It is clear from the second half of Chapter Five, “Illuminating Chaucer’s Canterbury Tales”, that the Canterbury Tales was meant to be read along with the illustrations. Because of such an illiterate audience, these illustrations were vital to the audience’s understanding of the text. However, according to Hilmo these illustrated pilgrims did more than reference the story. Hilmo suggests that these illustrations may have resembled prominent political figures during this time. For example, Hilmo suggests that the Knight “might indeed be intended as a flattering reference to Henry IV” (274). Hilmo draws comparisons between other pilgrims and political figures. How do you think this may have influenced medieval readers? Would this be distracting? Or would this help illiterate audiences?
Based on the evidence this section of the reading supplies, to what extent should Chaucer’s authorship be questioned?
The illustrators of many Canterbury Tales manuscripts seemed eager to perpetuate the appearance or notion of a single author, given Chaucer’s figure in their historiated initials. What reason might they have for maintaining the idea of a single author?
Though now it seems that all is required for the author of a written work (e.g. novel or play) to be praised is to be the author. This in itself gives this person merit and, for lack of a better word, ‘honor’ among the general public. However, as has been discussed before in class, this is a relatively modern trend. For a poet to reach the status of Chaucer, both during and after life, it took a whole team of scribes, illustrators, and patrons to appreciate his work and put in their own effort. The reading gives us the example of Hollywood’s version of this collaboration; what other modern day titles are given fame through the effort of a team? Or, alternatively, was it chance that earned Chaucer such devotion (why not his many other contemporaries?) or was there a specific aspect of his writing/persona?
Religious figures such as Archbishop Arundel were very concerned that translating texts could change the meaning of them. Do a close reading of the first 18 lines of the General Prologue in Middle English and then read the same lines translated into modern English. (https://sites.fas.harvard.edu/~chaucer/teachslf/gp-par.htm provides a line by line comparison)
Read the lines aloud and notice how the words sound and flow. Do you notice any differences? Do you think any meaning or literary impact is lost in the modern translation? Which version do you think sounds better out loud? Is it dangerous to translate such influential texts?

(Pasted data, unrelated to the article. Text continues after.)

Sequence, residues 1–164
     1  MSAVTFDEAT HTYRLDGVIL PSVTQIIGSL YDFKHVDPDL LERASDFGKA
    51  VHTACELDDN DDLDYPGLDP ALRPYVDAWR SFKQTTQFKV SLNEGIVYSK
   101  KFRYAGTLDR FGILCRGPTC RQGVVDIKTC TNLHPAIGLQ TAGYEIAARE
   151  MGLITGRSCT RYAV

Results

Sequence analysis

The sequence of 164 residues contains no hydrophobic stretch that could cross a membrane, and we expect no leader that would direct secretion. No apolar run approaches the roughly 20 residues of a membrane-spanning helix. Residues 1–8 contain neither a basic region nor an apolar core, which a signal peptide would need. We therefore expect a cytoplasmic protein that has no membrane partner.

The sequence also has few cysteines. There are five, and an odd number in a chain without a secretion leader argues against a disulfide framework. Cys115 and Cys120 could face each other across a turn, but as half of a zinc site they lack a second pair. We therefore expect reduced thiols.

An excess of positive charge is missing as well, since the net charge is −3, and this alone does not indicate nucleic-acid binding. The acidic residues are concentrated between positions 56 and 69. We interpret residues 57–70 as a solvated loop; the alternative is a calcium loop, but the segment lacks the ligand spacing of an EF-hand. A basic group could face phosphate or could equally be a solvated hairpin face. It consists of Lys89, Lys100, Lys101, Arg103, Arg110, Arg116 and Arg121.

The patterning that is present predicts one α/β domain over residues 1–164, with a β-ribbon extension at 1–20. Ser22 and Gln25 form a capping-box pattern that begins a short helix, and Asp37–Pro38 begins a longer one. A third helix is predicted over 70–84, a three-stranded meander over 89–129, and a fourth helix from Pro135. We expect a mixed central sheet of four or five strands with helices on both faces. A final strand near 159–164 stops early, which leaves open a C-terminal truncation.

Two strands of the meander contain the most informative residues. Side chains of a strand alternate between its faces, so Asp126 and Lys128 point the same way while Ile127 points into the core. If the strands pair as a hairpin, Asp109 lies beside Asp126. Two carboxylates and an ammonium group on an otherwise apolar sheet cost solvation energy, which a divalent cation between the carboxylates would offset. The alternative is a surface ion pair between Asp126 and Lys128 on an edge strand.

“Although the work as it stands includes 24 tales and runs to over 17,000 lines, The Canterbury Tales was far from complete at the end of Chaucer’s life. The General Prologue, in which the narrator introduces some thirty pilgrims, suggests that Chaucer intended to write more than 100 tales, with each narrator telling two tales on the journey to Canterbury and two on the way back,” (412).
Say Chaucer had managed to complete all 100 intended tales. What effect do you think this would have on the work or its legacy? How do you think this would alter the work’s reception, both during the time of Chaucer’s writing and now?
In OUMEM, Kerby-Fulton compares the various different ways that annotators of 3 different Piers Plowman manuscripts responded to the work. She notes that the annotator of D manuscript (Da) takes on a very popular Medieval reading style of reaching for the “kernel”, rather than the “chaff”. Simply, given that his audience would’ve been other clerically trained readers, he skipped explanations of narrative and went straight for the moral lesson. Despite this, she also notes that due to the attention to detail of Xa’s annotation on the narrative may reveal that Piers, as a vernacular poem, was almost as difficult to maneuver as a Latin set text.
What kind of challenges do you think that medieval readers of Piers Plowman would’ve had with the narrative structure that they may not experience with other works? Do you think Da or Xa had a more effective reading and why?
As Kerby-Fulton tell us in Chapter 4 of OUMEM, the annotation of medieval manuscripts often reflected the social or cultural conditions of the time: “annotators were gripped by the same kinds of social, gender, and political issues as we are today.” In Part I of the chapter, the author details some of the different styles of annotation, and what they meant to reflect. Based on those qualifications, and your own experiences with contemporary texts, what kind of “marginalia” exists in our present-day society? What are some of the different ways and reasons we interpret modern productions? How do those commentaries reflect or echo the medieval methods of annotation we encounter in the reading?
The term “affective piety” is defined as a religious zeal in which the worshiper meditates deeply upon the emotional and physical sufferings of holy figures. After having read both the introductory material to Julian of Norwich and A Revelation of Love, how would you describe the influence of affective piety on Julian and her outlook? What kinds of rhetorical devices help Julian achieve this level of zeal and, finally, what could you say about her purpose as a medieval writer?
The second half of chapter two in OUMEM focuses on the Findern Manuscript. Olson points out ways in which “provincial location, social prestige, literary good taste and creative ability are central” to the Findern and how these qualities seem to create a more “modern perception of the past” (139).
In what ways is the Findern collection a different kind of romance manuscript than those we’ve studied so far this semester? What seemed particularly striking, interesting and different, and what might Olson mean when she suggests it’s a more modern perception of the past?